Though the numbers looked pretty good for Brown fantasy owners, Butler had one of his stronger games of the season, making an interception in the end zone while draped all over his man. That was followed up by a celebrattion that mocked Brown's staple touchdown dance.

Brown and Butler have a relationship after seeing each other over the last two seasons and shooting a Visa commerical together earlier this year, and he sounded fired up to go against Brown again this weekend.

"Most definitely I respect that guy," Butler said of Brown this week. "Great player obviously, and (I) just love to compete and he loves to compete also."

Though Butler found himself on what looked like an island in plenty of situations back in Week 7, the Patriots also had their deep safeties (McCourty and Duron Harmon) keep a close eye on Brown as well.

But on Brown's longest catch of the game, a 51-yarder over the middle of the field, having a safety there didn't mean much due to a smart play-design by offensive coordinator Todd Haley. 

Brown was followed by Butler all the way across the field, and though Harmon may have been in position to help over the top, he had to respect the deep over route run by Steelers burner Darrius Heyward-Bey. By the time Harmon got to Brown -- Heyward-Bey actually helped slow down Harmon by screening him deep down the field -- it was too late.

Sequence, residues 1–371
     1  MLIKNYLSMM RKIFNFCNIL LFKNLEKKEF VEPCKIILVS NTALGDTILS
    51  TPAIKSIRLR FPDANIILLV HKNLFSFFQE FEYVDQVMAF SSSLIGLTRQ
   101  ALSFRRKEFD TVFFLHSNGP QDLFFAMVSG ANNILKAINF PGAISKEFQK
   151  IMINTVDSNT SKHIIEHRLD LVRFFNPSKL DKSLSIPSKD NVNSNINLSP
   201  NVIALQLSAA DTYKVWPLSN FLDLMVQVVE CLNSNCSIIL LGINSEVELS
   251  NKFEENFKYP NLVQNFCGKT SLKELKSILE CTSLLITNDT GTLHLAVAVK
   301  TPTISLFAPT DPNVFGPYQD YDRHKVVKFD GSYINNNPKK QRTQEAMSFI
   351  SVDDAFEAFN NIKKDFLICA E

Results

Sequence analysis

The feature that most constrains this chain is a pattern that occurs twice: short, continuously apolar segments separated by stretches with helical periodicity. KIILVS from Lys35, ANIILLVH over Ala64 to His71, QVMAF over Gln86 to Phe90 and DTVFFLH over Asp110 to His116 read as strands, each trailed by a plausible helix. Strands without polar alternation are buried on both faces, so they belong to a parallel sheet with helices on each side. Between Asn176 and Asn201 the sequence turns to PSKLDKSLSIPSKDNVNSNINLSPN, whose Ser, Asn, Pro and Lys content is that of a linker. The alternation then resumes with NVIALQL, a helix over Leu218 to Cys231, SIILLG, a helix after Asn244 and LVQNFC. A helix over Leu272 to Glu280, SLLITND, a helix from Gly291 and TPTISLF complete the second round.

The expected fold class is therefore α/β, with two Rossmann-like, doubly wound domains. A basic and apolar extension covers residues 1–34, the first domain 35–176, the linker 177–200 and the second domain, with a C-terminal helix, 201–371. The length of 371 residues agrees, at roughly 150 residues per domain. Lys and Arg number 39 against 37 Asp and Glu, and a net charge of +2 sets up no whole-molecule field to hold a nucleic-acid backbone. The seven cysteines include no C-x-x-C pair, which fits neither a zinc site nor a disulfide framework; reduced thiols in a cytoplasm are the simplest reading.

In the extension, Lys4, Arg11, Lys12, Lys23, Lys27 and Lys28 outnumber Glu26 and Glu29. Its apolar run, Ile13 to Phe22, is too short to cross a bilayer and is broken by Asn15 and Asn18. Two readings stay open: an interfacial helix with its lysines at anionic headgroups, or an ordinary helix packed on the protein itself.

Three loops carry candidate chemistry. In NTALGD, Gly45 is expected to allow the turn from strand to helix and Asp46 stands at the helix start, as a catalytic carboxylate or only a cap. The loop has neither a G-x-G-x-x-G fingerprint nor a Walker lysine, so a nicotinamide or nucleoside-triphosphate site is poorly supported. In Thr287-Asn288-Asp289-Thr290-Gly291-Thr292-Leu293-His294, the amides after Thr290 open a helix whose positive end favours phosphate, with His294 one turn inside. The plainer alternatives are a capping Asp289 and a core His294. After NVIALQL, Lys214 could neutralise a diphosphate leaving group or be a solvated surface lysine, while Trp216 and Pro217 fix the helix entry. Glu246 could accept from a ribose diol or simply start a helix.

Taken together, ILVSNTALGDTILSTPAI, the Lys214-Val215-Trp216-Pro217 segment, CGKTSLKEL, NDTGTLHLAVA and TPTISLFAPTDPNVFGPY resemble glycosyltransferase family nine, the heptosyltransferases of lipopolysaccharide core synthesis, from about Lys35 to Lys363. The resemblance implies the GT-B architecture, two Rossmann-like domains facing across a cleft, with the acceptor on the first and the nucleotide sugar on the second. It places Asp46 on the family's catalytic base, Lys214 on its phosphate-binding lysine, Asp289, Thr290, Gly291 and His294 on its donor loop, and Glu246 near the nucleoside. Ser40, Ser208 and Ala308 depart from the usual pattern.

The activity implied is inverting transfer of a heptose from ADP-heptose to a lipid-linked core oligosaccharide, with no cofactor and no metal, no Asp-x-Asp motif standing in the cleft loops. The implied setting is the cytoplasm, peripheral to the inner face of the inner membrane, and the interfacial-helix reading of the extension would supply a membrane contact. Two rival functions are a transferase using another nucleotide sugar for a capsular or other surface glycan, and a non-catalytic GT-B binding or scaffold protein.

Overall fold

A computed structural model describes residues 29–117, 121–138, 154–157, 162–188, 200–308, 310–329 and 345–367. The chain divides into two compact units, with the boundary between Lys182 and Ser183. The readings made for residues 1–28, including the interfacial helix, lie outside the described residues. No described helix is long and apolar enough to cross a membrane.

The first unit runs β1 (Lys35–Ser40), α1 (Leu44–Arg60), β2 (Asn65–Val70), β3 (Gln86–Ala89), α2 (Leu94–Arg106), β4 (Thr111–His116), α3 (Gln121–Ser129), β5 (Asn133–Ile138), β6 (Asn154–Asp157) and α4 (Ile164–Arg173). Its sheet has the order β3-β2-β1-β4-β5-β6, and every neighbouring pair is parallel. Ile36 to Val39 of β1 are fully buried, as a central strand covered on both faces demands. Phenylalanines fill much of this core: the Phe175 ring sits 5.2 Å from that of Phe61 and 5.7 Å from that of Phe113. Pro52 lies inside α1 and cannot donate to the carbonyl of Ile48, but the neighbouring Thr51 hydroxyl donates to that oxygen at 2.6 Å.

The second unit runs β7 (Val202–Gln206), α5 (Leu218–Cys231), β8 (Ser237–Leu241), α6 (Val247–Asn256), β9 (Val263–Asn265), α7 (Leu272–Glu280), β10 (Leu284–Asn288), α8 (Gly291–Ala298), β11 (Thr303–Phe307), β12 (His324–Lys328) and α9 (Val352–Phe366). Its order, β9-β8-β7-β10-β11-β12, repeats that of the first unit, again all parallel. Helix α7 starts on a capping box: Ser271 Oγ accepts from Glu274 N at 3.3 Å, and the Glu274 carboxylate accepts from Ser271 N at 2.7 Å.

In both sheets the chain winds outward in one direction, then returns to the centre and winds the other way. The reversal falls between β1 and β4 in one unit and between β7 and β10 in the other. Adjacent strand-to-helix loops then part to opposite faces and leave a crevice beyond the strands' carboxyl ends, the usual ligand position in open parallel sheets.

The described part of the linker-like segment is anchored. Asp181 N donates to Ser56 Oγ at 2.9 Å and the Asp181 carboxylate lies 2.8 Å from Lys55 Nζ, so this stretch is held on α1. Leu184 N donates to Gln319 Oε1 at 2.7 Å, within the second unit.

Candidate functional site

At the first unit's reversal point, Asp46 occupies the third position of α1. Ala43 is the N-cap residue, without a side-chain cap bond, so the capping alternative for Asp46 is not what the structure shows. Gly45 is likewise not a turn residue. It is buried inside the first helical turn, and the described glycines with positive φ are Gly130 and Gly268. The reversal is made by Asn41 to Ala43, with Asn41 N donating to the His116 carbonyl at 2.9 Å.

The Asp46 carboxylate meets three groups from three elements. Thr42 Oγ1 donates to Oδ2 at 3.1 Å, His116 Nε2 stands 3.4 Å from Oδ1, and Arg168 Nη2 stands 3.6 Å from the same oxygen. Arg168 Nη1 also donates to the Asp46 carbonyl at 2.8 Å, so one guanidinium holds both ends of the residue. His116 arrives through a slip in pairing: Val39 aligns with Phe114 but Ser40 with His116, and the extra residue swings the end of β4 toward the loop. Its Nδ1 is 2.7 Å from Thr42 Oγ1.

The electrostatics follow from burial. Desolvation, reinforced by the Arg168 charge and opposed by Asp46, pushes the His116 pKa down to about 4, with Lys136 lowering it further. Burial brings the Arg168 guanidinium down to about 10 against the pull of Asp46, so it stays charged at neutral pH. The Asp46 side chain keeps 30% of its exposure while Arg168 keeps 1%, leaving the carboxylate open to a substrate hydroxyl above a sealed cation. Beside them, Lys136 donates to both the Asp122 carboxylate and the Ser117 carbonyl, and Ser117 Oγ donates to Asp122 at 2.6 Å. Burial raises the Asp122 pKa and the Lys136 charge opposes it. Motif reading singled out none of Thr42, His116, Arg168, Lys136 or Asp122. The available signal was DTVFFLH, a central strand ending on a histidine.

IMMEDIATE DOUBLE-TEAM

There were other instances -- like the very first third-and-long of the game for the Steelers -- when the Patriots doubled Brown off the snap with Butler and McCourty. With a player of Brown's caliber, it's not question of either single him with Butler or double him. Doubles will simply be part of the deal, in all likelihood, whether Butler's on him or not.

Back in Week 7, the Patriots were burned by Steelers secondary options on a couple of occasions when they quickly removed Brown from the equation.

The first time Brown was doubled off the snap (above), Eric Rowe was left with Heyward-Bey in a one-on-one situation and was beaten for a 14-yard touchdown in the back corner of the end zone. The second time (below), Heyward-Bey ran across the field with Rowe trailing him, scoring once again from 14 yards out.